Sunflower yellow and gold color palettes are just what you think of for Kansas prairie colors. Below are a few interesting combinations inspired by the sunflowers here in Kansas. Common Sunflowers are wonderful but my favorite sunflower is the Russian Mammoth.
There are over 60 species of sunflowers most of which are east of the Rocky Mountains. The images in this post are of various species. I didn’t get these wonderful flowers planted in my garden till late this year so I am not sure how many I will have in the fall. Last year I had quite a few Russian Mammoth Sunflowers. They are truly impressive flowers and rather breathtaking. The Common Sunflower grows up to about 10 feet high and the Russian Mammoth grows up to 12 feet high!
The Sunflower is the Kansas State Flower
Both the photos above and below were taken at the Konza Prairie. One of the best ways to identify sunflowers and distinguish between species is to notice the leaves. After taking note of the leaves on the sunflower below I still couldn’t identify it even when looking at Kansas wildflowers by color. But I believe the one above to be the Sawtooth Sunflower. We saw lots in bloom the last time we hiked.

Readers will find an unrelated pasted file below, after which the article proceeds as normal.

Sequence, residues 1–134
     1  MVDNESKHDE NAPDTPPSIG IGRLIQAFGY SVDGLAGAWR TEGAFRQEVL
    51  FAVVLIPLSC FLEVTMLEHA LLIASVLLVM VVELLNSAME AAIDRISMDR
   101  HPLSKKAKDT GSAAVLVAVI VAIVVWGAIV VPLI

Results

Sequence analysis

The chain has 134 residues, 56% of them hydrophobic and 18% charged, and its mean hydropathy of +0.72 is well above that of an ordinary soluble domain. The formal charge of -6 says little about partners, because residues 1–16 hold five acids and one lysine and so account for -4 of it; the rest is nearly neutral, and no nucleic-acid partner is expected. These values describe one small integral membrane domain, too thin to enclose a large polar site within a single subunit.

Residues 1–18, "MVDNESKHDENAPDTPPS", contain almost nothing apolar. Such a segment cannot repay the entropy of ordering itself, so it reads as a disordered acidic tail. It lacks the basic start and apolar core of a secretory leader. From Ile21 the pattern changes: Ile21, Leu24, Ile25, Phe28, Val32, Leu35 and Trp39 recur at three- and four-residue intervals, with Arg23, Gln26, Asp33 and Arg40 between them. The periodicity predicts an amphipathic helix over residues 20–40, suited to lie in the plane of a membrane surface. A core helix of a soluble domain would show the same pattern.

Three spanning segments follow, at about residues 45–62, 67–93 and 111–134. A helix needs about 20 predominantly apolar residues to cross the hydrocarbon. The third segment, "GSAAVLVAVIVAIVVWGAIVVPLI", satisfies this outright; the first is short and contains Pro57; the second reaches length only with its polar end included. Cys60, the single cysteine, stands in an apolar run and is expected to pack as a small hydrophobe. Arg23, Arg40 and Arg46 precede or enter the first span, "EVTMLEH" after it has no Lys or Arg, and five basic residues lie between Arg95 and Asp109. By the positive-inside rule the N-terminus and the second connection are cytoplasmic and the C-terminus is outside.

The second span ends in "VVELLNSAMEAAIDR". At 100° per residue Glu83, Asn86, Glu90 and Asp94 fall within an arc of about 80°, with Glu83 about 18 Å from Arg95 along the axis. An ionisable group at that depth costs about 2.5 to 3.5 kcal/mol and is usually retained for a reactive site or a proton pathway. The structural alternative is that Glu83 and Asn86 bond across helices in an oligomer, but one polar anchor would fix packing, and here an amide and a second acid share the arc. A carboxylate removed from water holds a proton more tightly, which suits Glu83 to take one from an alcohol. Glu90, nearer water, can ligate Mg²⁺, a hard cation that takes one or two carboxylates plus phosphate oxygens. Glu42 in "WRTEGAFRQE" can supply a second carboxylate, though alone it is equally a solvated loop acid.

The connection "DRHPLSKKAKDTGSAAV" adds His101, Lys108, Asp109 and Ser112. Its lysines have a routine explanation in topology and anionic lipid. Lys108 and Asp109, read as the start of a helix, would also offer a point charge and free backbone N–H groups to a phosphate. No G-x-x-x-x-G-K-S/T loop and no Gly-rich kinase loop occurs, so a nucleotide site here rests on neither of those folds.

One thing to study while learning about sunflowers are florets. Florets are the small flowers that make up the composite of the flower head-all the little flowers in the center. Fibonacci spiral patterns appear in many plants and sunflowers are one of them. If you want to incorporate a math lesson with a sunflower study check out this free math lesson plan on Fibonacci by Mensa for Kids. I loved the spiral pattern in the seeds of these sunflowers below. And it made a lovely color combination too! Green is my favorite color and I am a sucker for it.
More wildflowers in Sunflower Yellow.
I also found these beautiful yellow wildflowers on the Konza Praire: Wild Senna (pea family), Missouri Goldenrod (sunflower family), Prairie Coneflower (sunflower family) and some type of Primrose either closely related to or actually the Missouri Evening Primrose (Evening Primrose Family).
Watch for more Colors on the Kansas Prairie in this series:
Use this Sunflower Notebook Page to record much of the info you just learned on the Common Sunflower.
And if you like this notebook page you’ll love the Sunflower unit packet I created for Hip Homeschool Moms! It will be available on August 25th:
Linked up with other wonderful summer series on iHomeschool Network Summer Hopscotch!